Cyber security

Cyber security has become a critical concern for organisations across all industries. Internal Auditors can play a pivotal role in safeguarding businesses against cyber threats by enhancing awareness and implementing effective measures. This article aims to provide insights into how internal auditors can bolster cyber security within the organisations they audit while highlighting key risk and governance standards that could be adopted to build resilience to attack.

The Importance of Cyber Security Awareness

In the realm of Internal Audit, where professionals are tasked with assessing risks and evaluating controls, having a thorough understanding of cyber security is indispensable. Cyber threats pose significant risks to financial data, sensitive information, and overall business continuity. Hence, internal auditors must be well-versed in cyber security principles, trends, and best practices to effectively fulfil their roles.

Supporting Businesses in Improving Cyber Security

Internal auditors can actively support businesses in enhancing their cyber security posture by adopting the following strategies and working with trusted cyber security consultancies to carry out a full cyber audit if required. Internal Audit functions that relate to cyber risk analysis could be:

  • Risk Assessment and Identification: Evaluate how well management has identified potential cyber threats and vulnerabilities within the organisation’s systems, networks, and processes; and whether the mitigating actions they have implemented to manage and reduce these risks to an acceptable level are working effectively.
  • Governance and Policy Frameworks: Evaluate the organisation's governance structures and cyber security policies to ensure alignment with industry standards and regulatory requirements. Look for robust policies governing data protection, access controls, incident response, and compliance with relevant laws such as GDPR or the Data Protection Act or industry-specific regulations.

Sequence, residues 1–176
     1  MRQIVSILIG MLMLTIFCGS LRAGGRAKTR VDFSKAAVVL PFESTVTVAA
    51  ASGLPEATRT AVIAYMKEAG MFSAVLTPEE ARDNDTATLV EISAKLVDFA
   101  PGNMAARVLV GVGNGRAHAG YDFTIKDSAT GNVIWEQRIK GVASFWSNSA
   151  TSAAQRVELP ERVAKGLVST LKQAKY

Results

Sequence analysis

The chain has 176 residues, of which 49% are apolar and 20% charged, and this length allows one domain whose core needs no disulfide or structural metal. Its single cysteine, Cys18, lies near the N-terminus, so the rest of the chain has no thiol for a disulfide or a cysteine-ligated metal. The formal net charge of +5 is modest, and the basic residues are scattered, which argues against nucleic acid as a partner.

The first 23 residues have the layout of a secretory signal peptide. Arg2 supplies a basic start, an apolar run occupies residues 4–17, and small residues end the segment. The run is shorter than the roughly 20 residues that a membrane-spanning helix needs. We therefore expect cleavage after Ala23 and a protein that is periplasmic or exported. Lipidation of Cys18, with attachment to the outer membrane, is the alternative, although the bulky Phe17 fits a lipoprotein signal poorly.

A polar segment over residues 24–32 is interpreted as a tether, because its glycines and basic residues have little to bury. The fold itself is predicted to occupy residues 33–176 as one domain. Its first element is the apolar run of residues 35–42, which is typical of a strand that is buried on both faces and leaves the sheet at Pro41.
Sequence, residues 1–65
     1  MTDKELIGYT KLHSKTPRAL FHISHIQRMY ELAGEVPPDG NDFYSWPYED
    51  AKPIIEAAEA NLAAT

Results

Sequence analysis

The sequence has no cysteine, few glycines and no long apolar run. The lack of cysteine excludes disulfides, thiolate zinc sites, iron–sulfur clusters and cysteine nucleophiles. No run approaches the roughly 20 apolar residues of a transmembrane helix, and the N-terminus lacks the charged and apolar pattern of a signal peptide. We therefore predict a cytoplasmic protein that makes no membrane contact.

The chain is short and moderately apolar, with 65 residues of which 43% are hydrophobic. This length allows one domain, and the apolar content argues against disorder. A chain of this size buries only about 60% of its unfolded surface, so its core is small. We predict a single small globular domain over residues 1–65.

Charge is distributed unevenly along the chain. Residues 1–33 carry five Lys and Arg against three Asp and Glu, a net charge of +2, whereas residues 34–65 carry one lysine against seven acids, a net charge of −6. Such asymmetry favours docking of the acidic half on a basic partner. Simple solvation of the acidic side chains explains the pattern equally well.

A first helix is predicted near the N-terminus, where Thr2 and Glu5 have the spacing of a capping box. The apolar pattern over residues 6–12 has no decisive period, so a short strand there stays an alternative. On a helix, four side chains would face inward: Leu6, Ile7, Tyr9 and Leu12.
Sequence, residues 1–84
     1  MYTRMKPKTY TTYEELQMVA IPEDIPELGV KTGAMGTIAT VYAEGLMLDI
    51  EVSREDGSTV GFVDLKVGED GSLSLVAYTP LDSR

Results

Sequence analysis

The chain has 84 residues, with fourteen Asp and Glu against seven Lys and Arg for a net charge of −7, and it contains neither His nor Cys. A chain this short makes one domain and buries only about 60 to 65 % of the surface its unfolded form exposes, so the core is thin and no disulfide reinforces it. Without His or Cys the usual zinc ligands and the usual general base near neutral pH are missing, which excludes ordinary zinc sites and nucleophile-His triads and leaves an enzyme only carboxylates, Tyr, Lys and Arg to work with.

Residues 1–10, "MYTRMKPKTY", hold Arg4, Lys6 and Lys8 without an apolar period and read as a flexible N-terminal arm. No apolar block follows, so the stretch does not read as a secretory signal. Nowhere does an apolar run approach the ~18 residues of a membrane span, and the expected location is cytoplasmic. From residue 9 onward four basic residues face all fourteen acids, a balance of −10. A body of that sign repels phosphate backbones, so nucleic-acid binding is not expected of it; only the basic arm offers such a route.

• Employee Training and Awareness: Advocate for employee training programmes focused on raising awareness about cyber security risks and best practices. Educate staff members on the importance of strong passwords, phishing awareness, secure communication protocols, and data handling procedures to mitigate human errors and prevent security breaches.
  • Security Controls and Technologies: Potential to assess or work with a NCSC accredited cyber security consultancy to assess the effectiveness of existing security controls and technologies deployed within the organisation. Evaluate the implementation of firewalls, antivirus software, intrusion detection systems, encryption mechanisms, and multi-factor authentication to prevent unauthorised access and data breaches.
  • Incident Response Preparedness: Review the organisation's incident response plan to ensure it provides clear guidelines and procedures for responding to cyber security incidents. Work with an assured NCSC Cyber Incident Exercise (CIE) accredited consultancy to test the plan through simulated exercises or tabletop discussions to identify gaps and enhance preparedness for real-world cyber threats.